Image Courtesy of Vote Yes On 97

Measure 97 is not a sales tax, only taxes corporations

Measure 97 is not a sales tax, only taxes corporations:

Opponents of Measure 97 have tried to paint it as a sales tax, a scare tactic to get Oregon to vote no


As election season comes to a precipice, Oregon voters are faced with what could be the first sales tax initiative on the ballot﹣except it isn’t. The measure, as stated by the Oregon Center for Public Policy, is a change to Oregon’s current corporate minimum tax. This corporate minimum tax is based on receipts by corporations and not sales to consumers. Companies that fall under Measure 97 will pay what they owe on their tax returns after adding up their sales in Oregon throughout the year. If the amount of Measure 97 is included in the price of their goods and services, they will pay higher taxes. They say a sales tax would be added to the sales price and the burden is carried by the consumer, having no bearing on the corporate profits or the corporation’s taxes. However by nature the measure should not affect consumers and what they pay but the corporations and their taxes. This is the real reason why the measure’s detractors present it as a sales tax — they don’t want their taxes to go up.

This is a common practice among big corporations not only in Oregon, but all over the country. Corporate executives are comfortable living with millions of dollars in salaries and don’t want to give up any portion of that in order to pay their fair share. If this measure doesn’t pass, this could mean companies would cut budgets in order to account for any financial shortcomings. Budget cuts could mean anything from changing the means of production to layoffs and downsizing.

This measure is also creating an enormous divide in state politics. In a meeting before the North Clackamas Chamber of Commerce, Republican pick Dennis Richardson said  the legislature is “an addict and the drug of choice is money!” However, Democratic candidate and state labor commissioner Brad Avakian argued that Richardson is not speaking on behalf of the interests of voters. Avakian reminded the Chamber that while Richardson opposes the legislature attempting to draw more funds, he was also occupying the most powerful position writing the state budget in Salem. He went on to say that Richardson was in a position to help make Measure 97 unnecessary by rerouting revenue to state services, but failed to do so.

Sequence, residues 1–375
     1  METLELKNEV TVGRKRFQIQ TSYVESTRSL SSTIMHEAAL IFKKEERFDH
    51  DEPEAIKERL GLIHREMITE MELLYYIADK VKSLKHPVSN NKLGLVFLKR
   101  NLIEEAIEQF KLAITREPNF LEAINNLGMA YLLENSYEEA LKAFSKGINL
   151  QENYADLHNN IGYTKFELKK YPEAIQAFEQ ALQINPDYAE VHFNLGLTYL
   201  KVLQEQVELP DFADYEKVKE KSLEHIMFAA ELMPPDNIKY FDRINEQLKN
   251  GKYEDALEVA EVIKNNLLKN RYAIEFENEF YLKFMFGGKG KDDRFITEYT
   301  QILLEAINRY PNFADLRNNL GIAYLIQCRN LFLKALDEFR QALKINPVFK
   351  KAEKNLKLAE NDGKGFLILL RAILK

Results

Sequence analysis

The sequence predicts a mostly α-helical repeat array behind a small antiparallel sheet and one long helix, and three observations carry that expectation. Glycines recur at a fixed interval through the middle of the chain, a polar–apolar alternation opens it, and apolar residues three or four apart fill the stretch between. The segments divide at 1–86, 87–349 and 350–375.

The issue even reached the debate between sitting governor Kate Brown and her opponent Bud Pierce. Pierce stated that the measure would raise the cost of living for all Oregonians, and that the government should “learn to live within its means.” The chamber seemed divided as ever as they listened to each of the responses.

Measure 97’s goal is not to raise the price of living in Oregon, nor is it to institute some new sales tax. Its aim is to make companies earning above $25 million in annual sales accountable for the taxes they should be paying on that money.

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